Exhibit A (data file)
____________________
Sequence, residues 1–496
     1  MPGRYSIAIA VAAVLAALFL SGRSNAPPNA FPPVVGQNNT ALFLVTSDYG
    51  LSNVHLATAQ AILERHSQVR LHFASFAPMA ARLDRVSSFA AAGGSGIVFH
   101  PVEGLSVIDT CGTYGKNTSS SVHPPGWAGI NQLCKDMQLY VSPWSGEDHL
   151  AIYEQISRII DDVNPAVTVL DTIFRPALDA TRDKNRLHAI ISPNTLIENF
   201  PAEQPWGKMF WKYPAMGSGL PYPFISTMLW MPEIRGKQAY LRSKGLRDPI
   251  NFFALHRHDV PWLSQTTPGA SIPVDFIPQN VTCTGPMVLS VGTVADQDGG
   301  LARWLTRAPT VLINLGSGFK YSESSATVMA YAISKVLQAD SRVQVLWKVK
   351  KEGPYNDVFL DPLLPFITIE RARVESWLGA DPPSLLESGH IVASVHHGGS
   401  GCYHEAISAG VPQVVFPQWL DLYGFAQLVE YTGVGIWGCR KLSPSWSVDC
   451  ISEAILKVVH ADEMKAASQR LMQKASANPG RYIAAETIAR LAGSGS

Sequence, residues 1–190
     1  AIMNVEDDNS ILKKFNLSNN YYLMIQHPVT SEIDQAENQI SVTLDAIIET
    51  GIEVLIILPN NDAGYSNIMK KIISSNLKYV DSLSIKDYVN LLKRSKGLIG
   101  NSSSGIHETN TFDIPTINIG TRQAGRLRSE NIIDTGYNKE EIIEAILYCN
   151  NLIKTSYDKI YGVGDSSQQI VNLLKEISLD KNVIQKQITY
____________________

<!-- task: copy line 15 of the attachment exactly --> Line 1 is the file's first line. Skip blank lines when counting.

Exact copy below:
   101  NSSSGIHETN TFDIPTINIG TRQAGRLRSE NIIDTGYNKE EIIEAILYCN